Home Articles What is a Password Manager And Why do You Need One?

What is a Password Manager And Why do You Need One?


It is a fact that most people do not use a password manager. In fact, this is one of the most overlooked parts of the general internet-using public’s cybersecurity toolset. We have all heard of passwords and usernames, something that has been around since computers have existed, even before the internet itself.

Most of us will also know what antimalware and antivirus is, possibly even what a VPN or Virtual Private Network is, but most will not know about (or require) a password manager.

Passwords and usernames are a barrier between us and the data we wish to access on an operating system, even the operating system itself. Without usernames and passwords, everything could be accessed by anyone and it would be out in the open. This is especially dangerous on the modern internet today, which is essentially an ocean of dangers and cybercriminal sharks are always waiting to bite. A password manager is a very practical tool that not only helps you store your various passwords, but it reduces the chance of user error which could lead to a potential data breach and identity theft.

Password Security Knowledge

The majority of people use surprisingly weak, non-unique, and short passwords. Shockingly, millions of people today use ‘password’ as their password. Unbelievable as it is, it is true. Oftentimes, people think that the system itself is secure enough and will even re-use the same passwords across different apps and accounts. Or they may think, ‘Why would anyone hack me? I have nothing to hide or a large amount of money to be stolen.’ The truth is that your data always matters to cybercriminals.

Most people will also give out their usernames or passwords without any afterthought via social media or other communications channels. This is one of the big cybersecurity ‘no-nos’ that should be avoided at all costs because you can cause yourself a lot of trouble by doing this. Any computer device (or smartphone) can also be stolen, or spied on in public, revealing your password and sensitive information to others, not to mention if you are involved in a phishing scam you unknowingly give over your credentials to potential hackers.

Most of us have already been involved in big, sweeping ‘data scraping’ campaigns where our email address details have been leaked. A simple check on the ‘haveibeenpwned’ website tells all.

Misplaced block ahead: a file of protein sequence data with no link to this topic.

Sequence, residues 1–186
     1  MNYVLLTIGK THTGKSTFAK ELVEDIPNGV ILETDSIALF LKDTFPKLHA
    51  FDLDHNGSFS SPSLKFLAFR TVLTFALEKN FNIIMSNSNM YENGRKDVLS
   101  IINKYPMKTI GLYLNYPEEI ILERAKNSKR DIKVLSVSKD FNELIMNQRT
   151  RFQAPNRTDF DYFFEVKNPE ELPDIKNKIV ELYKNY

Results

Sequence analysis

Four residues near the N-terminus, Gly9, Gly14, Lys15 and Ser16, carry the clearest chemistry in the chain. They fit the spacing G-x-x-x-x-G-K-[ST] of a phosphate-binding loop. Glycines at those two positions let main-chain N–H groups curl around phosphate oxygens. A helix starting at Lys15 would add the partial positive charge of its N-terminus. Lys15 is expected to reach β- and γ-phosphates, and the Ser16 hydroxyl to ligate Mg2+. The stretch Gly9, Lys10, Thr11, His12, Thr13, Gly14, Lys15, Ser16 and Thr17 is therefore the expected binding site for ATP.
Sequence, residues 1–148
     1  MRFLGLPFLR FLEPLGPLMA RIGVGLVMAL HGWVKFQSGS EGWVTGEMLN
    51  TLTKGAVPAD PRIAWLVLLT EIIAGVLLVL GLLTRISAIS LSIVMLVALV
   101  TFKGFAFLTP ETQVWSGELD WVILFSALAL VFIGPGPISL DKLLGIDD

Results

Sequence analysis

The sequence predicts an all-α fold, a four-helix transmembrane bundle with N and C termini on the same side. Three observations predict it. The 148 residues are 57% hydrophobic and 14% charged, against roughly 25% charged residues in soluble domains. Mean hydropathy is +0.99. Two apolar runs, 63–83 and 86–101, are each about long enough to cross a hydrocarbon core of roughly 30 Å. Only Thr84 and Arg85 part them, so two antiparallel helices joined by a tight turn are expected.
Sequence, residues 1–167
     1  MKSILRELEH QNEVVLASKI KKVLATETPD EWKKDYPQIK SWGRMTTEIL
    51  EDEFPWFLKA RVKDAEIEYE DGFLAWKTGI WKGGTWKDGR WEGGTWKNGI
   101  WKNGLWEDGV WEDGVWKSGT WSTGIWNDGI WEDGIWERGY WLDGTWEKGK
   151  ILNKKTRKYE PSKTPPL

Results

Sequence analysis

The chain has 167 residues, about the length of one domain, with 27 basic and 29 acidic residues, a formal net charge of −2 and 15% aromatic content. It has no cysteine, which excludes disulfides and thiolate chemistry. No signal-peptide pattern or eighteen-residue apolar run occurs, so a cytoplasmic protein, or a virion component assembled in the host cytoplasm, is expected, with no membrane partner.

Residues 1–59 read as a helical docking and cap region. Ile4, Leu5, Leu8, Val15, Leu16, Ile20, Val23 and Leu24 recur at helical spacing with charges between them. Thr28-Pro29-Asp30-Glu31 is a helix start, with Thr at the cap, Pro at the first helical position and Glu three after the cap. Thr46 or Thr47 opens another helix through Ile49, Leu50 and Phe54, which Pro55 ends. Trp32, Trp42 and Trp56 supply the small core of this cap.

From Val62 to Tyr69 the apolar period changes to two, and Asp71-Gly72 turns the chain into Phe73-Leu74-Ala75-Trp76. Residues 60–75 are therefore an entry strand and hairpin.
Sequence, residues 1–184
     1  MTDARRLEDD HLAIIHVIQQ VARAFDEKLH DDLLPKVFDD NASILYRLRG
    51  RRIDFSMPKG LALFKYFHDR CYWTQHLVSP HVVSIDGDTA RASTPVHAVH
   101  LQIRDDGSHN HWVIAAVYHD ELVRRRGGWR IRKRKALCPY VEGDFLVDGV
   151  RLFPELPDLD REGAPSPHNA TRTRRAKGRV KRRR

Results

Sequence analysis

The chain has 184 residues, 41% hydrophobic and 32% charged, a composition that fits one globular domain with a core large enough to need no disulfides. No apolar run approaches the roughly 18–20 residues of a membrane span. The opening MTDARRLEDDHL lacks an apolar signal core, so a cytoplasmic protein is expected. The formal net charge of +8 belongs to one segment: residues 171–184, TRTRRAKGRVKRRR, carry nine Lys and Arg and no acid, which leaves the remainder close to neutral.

Why Do You Need a Password Manager?

A typical password manager is an application (storage vault) that stores your sensitive credentials and is unlocked itself with a master password. It will save you a lot of brainpower resources, given that you protect the master password with your life (definitely keep it written somewhere only you have access to it.)

So, we’ve covered that you should never use the same password for two different things. We’ve also covered that your passwords must not be short or simple, to avoid breaches. This is where a password manager comes in handy. A password manager can store all of your different passwords in a master vault, no matter how long, complex, or how many of them there are.

A good, premium password manager can also generate passwords for you that you otherwise would not be able to think of, as well as offer other features such as; automatically filling in login information so that you don’t have to, and keeping all of your stored passwords tightly encrypted.

A solid password manager will also be able to work across all of your devices, offer AES encryption, as well as multi-factor authentication for that added layer of security. Some password managers even offer protection against social engineering scams like phishing, by scanning the URL.

Take This Into Consideration

It is very important to remember that all password managers are not equal. Distinguishing between them is important to get you the best solution for your needs. In the password manager universe, there are password managers that are cloud-based, browser-based as well as those that are stand-alone.

Web browsers sometimes come with built-in password managers and are alright for the casual user (but one should be careful if you share your device with someone you do not trust.) For all other intents and purposes, it is always recommended to use a stand-alone specialized password manager.

The only downside of a stand-alone, dedicated app is that you have to remember the master password and keep it safe, otherwise all of your credentials will be lost. Password managers such as 1Password, LastPass, and Dashlane have all become quite popular today and trusted.


  1. There are very good built-in password managers like google, for example, and it makes sense to use an external one only when it has a good digital inheritance.


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